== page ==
The foreign teachers are very privileged at the Daegu Gyeongbuk English Village (DGEV), from the beauty of our surroundings to the general ease of our jobs. As I’ve been undergoing training and starting to teach the past two weeks, I’ve been able to explore the campus in my free time both inside and out.
The campus is relatively large and the architecture is unsurprisingly Western. The main building looks like a government building with tall pillars in the front and marble-patterned tiles. There are many windows and glass doors in every building, allowing for a profusion of natural light. On weeknights, lights glow from the gazebo and lampposts that stand along the walkway from the fountain in front of the main building to the fountain by the stationary airplane (forever stationed at the airport situational gate) on the other end of campus. A pebbled, man-made river runs through the middle of campus, though its usually dry.
In the situationals, the impersonation of a Manhattan street can be noisy from the traffic of students following their Village Guides to their next class. They might go to a grocery store, a bank, a police station, a hospital, an airline terminal, a video store, a gift shop, a zoo–all rooms where teachers use these themes and any corresponding props/sets to teach English vocabulary. It’s kind of like a children’s museum.
I’ve learned that the Village is full of quirks. It caters not only to students, but also to flight attendant trainees. They have a room specifically for instructing young women who fit their strict physical requirements. This explains everything. The room is equipped with vanity mirrors in rows that at first look like computer screens. The floor is marked with two lines to form a catwalk so that flight attendants can practice the proper way to walk down cramped aisles and ease past grumpy travelers. It also has a station where you can weigh yourself and measure your height. I’m fairly certain I would meet zero of the qualities they look for (the fact that I’m not even Korean aside).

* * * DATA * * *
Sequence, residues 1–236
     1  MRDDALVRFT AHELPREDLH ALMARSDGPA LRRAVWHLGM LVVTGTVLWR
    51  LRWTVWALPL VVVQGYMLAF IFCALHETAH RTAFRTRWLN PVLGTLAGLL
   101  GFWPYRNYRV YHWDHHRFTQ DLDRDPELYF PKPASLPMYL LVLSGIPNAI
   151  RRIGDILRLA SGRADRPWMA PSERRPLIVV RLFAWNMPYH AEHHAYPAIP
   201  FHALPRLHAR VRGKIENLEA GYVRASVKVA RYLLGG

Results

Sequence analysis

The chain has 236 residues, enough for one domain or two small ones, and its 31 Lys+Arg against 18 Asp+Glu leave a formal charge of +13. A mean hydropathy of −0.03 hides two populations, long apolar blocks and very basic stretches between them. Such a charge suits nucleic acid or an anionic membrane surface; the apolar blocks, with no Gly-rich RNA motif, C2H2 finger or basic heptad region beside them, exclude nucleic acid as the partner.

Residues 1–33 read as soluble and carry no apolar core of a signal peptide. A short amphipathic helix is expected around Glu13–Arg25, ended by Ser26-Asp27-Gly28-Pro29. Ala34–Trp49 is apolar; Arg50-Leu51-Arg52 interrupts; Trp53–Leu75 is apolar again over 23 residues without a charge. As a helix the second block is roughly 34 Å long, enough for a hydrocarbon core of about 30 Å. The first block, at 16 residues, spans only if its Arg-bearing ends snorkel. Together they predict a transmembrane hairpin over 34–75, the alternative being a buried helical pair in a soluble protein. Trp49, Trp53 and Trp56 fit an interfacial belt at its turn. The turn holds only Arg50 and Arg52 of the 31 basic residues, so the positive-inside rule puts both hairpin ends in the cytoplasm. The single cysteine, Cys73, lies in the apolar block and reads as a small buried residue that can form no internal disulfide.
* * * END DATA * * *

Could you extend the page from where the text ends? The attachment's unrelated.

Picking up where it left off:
There is also a combat room, which some of us interpreted as a laser tag arena when we were told about it. After shimmying through a gap between two walls (because the room was locked and I was curious), walking through some dark rooms, and exploring them with a flashlight, to my dismay I discovered there was no arena, and rather I found myself in a room with a bunch of rifles pointing at me, which sounds like a scene in a thriller, but really the guns were just stationed on the floor to target practice on a screen on the opposite wall. I think I heard that the military sometimes uses this room for training, because if there’s a class on gun-wielding, I have yet to hear about it.
Another quirk of the Village, in the most comical of senses, is that the Korean administration of the school feels children’s nursery rhymes must boom from the speakers during transitions between classes, which, to the foreign teachers’ chagrin, is every 45 minutes. Right when silence seems normal, a woman’s voice busts out (to the tune of “The Wheels on the Bus Go Round and Round”), “Dad is taking us to the zoo tomorrow! Zoo tomorrow! Zoo tomorrow!” and it echoes inside the buildings and across every parking lot, sidewalk, or hole in the ground you try to bury your head in to get away from that music. Some of the lyrics to the three or four songs they play are up to interpretation. Some people hear “sausage in a bag” while others hear “toss it in a bag,” when, apparently, the lyrics are really, “sausage in a pan.” Either way, I don’t know what it has to do with “sweeties in a jar” or “jelly on a plate.” Didn’t the U.S. once use the repetition of the Barney “I Love You” song as a method of torture?
One thing, which I guess you could call a quirk, is the lack of interaction the foreign teachers have with the Korean staff. They have separate offices that we’re not allowed inside and a segregated cafeteria, as well. Our supervisor told us it was because Koreans have loud, frequent conversations on the phone, and we would find it distracting. While this may be true, this concern about distraction probably goes both ways. It would be a fun experience getting to know the Korean staff and learning from each other, but I’m trying to be understanding. Two languages clashing with each other in the same office might prove to be more of a hassle, at least for the Koreans, than a benefit to their fast, hyper-productive culture. Additionally, we don’t really have reason to collaborate with the Korean staff on much, so the chain of command also ensures this separation.
As I expected, there’s a lot I’m learning and trying to figure out about Korea, but I’m happy to be teaching in such an interesting school with beautiful surroundings.